A remarkable number of Minnesota journalists have ties to the Minnesota Daily, one of the country’s largest independent, student-run newspapers. Among that group the collective antennae went up at news this week that the paper is in the process of hiring a full-time general manager, essentially moving responsibilities that had been part of the paper’s mission — letting fledgling journalists learn from hands-on, real world experience — to a professional, who will have to be paid a professional salary.
For those unfamiliar with the Daily’s ways, the paper until recently had operated with a triumvirate of student leaders. An editor, a business manager and a president made day-to-day decisions for editorial, advertising and administration. Each position has been budgeted for roughly $30,000 a year in compensation, although the current editor, Cody Nelson of New Ulm, says “almost no one is actually paid $30,000.”
A volunteer board of faculty members and local business executives offered only guidance.
Now, responding to the same downward pressures affecting all of print journalism, the guiding wisdom — accepted by the student leaders — is that a full-time pro is necessary, perhaps to enhance revenue but certainly to avoid expensive management mistakes.
To cover the pro’s salary, the Daily has eliminated the president position and may have to dip into its reserve fund.
Chuck Brown, the Star Tribune’s chief financial officer and a Daily board member, says the old process worked better some years than others.
“It’s different people every year. The feeling is that we needed consistency, because it’s a different environment today. The Daily isn’t immune to the same forces we feel here and everywhere else,” Brown said. “But the intent is not to take over from the students.”
All in all, the Daily is still in a tenable financial position, despite intermittent pressure from the student fees committee to reduce funding, usually in reaction to the paper’s reserve fund, a unique commodity among campus organizations.
Says Nelson, the Daily’s current editor: “That still goes on. But this year I made the presentation [to the fees committee] and they seemed to understand that this wasn’t just a pool of money we were hoarding for no good reason. In fact, it’s very common for a nonprofit of our size.”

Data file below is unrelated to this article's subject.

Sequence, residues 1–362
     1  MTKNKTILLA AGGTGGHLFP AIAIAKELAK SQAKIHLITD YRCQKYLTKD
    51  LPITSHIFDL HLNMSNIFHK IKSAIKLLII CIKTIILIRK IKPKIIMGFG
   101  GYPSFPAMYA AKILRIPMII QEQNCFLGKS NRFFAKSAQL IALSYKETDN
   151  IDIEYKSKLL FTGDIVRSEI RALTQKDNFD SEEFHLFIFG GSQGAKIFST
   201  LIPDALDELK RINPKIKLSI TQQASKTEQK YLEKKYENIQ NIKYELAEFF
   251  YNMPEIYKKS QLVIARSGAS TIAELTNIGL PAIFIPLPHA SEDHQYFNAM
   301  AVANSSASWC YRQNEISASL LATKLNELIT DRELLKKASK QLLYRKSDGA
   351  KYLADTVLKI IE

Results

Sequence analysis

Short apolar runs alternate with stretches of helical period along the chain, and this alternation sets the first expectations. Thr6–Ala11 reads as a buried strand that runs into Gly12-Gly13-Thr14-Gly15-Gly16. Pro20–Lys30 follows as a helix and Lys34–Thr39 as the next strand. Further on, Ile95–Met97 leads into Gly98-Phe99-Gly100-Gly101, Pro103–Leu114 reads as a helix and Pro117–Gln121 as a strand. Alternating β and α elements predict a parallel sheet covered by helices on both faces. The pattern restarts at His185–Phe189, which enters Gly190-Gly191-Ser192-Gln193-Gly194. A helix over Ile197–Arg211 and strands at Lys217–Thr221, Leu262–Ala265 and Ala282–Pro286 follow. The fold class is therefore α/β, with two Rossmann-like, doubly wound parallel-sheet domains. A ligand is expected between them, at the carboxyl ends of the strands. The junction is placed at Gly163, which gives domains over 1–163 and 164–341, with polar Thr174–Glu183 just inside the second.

The Daily’s staff fluctuates between 100 and 150, with widely varying hourly commitments. In the end, the committee approved $495,000 of his $505,000 request, Nelson says.
Brown says the Daily, “is not in crisis mode. But there are digital and IT upgrades that are overdue.” (The paper’s creaky website stabilized in recent months, but there are still server issues everyone would like to see resolved.)
Nelson sees the general manager as “a kind of full-time board member.” For him, the critical consideration was that person have no authority over the Daily’s editorial function.
“I would not have gone for that. I know that we’ve had advisory positions in the past. But our position, and it was supported by the board — who by the way, work their asses off for us for no pay — is that there will be no change to the Daily’s independence.”
And in terms of guarantees that an incoming pro will bigfoot the students, Nelson says “there are only so many guarantees you can put in writing.”
“But as I say, the board itself is completely supportive of our position, which is the longstanding tradition of the Daily,” he adds.
“No, this isn’t a change in basic philosophy,” says Chuck Brown. “The Daily needs to remain what it is, a petri dish for students to get direct experience with all aspects of journalism.”
Budget trims are relatively minor, says Nelson. The paper will do without a car it has leased. Some hours will be cut from business and administration and, to create a fulltime salary, “there’s going to be a little bit of a hit to the reserve fund.” The hope is that a fulltime general manager will be able to earn it back and find a way to earn money from the online product.
Every time someone talks about goosing online revenue, the fair question is, how? With Buzzfeed-style listicles, clickbait and assorted juvenilia?
“No. That’s not going to happen,” says Nelson. “We’re not going in that direction. If anything, we want to be more of a primary news source. I love this place to death, and it has a legacy for a reason. I wasn’t sold on this right away. But if it’s what we have to do to keep it alive for years to come, it’s worth doing.”